The Most Fun Way to Learn About Human Nature

New DVD sets and books offer intriguing psychology clues.

Posted Nov 01, 2013

Foyle's War Set 7
Life isn’t always about textbooks, even if you’re a student. When insights about human nature are reiterated in the form of television dramas or anedotes in popularly-written nonfiction books, learning can be more fun and memorable.

As I watched the DVDs and read the book below, my thoughts turned to the lessons that textbooks try so hard to impart.

Foyle’s War, Set 7 (3 complete episodes, 274 minutes on 3 discs, plus nearly two hours of bonus material). I’ve been an ardent fan of Foyle’s War since it began on PBS in 2003, and the latest long-awaited postwar incarnation is as enticing as ever. Star Michael Kitchen is very appealing, and I’m sure I’ve watched every one of his cinematic performances. His character is mentally sharp, restrained in the best English manner (never an extra word when a lip twitch will do), and always kind to subordinates and others in need of help. These are cerebral stories with enough action to keep things moving inexorably toward the finish. If there were a button to extend each show for another hour or two, I’d be among the many pushing it.

As always, Foyle’s War is a thrilling peek into another era, with numerous details that make it all seem very real. Surely, though, the deep character studies help draw viewers in. Foyle’s integrity is consistently tested, and he never lapses. His assistant Sam, played delightfully by Honeysuckle Weeks, is pulled this way and that by circumstance, but she stays honest and real. Not everyone does, of course, as these are Cold War spy stories. All the kudos in the word to writer/creator Anthony Horowitz (whose details about the show make fascinating reading). DVDs available at AcornOnline.

Line of Duty, Series 1 (5 episodes, 305 minutes on 2 discs, plus almost an hour of bonus material). I usually try to limit myself to an hour or two of television per night, but this series was so compelling that it tested that commitment. The series takes its time to build character, even while the plot moves forward propulsively. It tells a psychologically complex story about a highly regarded police officer (played by Lennie James) who makes a mistake (or two) that pulls him toward catastrophe. Viewers can see and feel for themselves what social psychologists mean when they say that circumstances profoundly affect character. We are fully drawn into the drama as we experience DCI Gates’ choices narrowing, even as he tries hard to do the right thing. Wonderfully scripted, plotted, and acted. Not for those super sensitive to disturbing images. Available at AcornOnline.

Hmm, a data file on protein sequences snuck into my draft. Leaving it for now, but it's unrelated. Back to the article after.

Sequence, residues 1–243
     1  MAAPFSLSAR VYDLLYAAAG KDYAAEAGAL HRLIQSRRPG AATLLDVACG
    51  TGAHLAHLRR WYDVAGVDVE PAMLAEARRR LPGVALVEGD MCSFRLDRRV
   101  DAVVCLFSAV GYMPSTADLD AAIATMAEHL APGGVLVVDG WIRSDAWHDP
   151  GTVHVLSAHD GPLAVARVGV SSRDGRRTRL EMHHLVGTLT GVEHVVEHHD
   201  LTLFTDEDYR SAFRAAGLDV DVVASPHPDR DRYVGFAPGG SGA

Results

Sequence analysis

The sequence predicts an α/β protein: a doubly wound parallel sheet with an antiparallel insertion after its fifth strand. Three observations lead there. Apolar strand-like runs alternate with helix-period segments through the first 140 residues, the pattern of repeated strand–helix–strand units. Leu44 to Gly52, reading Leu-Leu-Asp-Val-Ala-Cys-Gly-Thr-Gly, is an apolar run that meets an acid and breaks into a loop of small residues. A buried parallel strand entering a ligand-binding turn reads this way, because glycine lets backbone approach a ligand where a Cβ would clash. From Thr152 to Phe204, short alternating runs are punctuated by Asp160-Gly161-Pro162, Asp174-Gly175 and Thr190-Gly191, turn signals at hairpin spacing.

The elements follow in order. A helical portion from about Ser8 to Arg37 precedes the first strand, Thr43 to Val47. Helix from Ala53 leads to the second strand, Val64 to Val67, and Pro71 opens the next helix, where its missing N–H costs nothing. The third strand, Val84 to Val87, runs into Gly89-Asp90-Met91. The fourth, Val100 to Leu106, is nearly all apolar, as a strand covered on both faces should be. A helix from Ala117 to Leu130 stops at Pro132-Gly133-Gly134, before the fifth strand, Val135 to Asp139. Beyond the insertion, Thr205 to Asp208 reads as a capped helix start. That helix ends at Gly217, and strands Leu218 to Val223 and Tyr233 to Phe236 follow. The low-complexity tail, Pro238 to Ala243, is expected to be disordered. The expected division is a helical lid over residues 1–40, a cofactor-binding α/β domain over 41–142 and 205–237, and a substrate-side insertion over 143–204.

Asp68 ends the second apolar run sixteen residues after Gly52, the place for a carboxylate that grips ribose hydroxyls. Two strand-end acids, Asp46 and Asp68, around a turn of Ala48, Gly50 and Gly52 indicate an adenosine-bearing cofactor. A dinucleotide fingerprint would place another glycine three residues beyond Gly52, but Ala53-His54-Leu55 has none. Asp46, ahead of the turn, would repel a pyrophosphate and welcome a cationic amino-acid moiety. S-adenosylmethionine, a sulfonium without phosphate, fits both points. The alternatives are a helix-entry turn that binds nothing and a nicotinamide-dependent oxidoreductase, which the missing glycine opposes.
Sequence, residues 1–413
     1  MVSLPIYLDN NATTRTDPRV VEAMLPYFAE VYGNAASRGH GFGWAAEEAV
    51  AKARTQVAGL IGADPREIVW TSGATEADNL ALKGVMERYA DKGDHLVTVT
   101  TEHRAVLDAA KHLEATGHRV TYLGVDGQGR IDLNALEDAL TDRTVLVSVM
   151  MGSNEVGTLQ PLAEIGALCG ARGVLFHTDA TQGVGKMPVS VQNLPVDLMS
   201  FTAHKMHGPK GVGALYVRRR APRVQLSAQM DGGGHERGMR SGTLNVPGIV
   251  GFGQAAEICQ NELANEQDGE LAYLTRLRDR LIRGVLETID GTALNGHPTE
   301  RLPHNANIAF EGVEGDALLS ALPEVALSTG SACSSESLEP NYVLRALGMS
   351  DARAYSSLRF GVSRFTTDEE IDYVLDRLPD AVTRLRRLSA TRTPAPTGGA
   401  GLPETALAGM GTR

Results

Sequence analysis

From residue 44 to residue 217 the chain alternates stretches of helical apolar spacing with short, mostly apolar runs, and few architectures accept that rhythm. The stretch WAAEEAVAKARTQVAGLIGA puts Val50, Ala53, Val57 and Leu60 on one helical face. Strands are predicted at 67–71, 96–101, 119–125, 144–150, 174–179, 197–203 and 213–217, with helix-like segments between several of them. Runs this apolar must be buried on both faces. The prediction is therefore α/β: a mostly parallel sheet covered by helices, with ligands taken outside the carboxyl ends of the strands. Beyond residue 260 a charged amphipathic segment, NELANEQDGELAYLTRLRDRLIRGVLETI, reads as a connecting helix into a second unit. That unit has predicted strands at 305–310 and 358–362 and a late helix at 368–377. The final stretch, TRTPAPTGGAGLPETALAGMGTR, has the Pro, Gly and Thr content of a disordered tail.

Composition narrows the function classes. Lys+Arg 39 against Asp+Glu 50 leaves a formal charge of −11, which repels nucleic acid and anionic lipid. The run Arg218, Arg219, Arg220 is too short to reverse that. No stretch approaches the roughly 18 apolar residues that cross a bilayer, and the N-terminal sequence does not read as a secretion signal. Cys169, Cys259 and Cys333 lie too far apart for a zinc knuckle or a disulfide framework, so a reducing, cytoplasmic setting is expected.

The Joy of Pain: Shadenfreude and the Dark Side of Human Nature(Oxford University Press), by Richard H. Smith, Professor of Psychology at the University of Kentucky, uses popular culture (such as “The Simpsons”) to make his points. From reality shows and sports and politics, to how Hitler developed his intense anti-Semitism, Smith uses lengthy anecdotes to explore how envy and a sense of inferiority turn to a delight in the suffering of others.

We’re always comparing ourselves to others. When we see a hypocrite brought low, we feel better about ourselves. A number of social psychological lessons are brought to the fore, including the way we attribute bad actions to someone else’s character, but in our own case, we understand the role of environmental factors in our hard choices. In this social media-drenched age, some of Smith’s points might make you a better communicator. For instance, he says, “A touch of weakness and vulnerability goes a long way toward taking the edge off the negative effects of superiority.” (Novelists will recognize that advice re: writing characters that will not turn off readers by being too perfect.)

Copyright (2013) by Susan K. Perry

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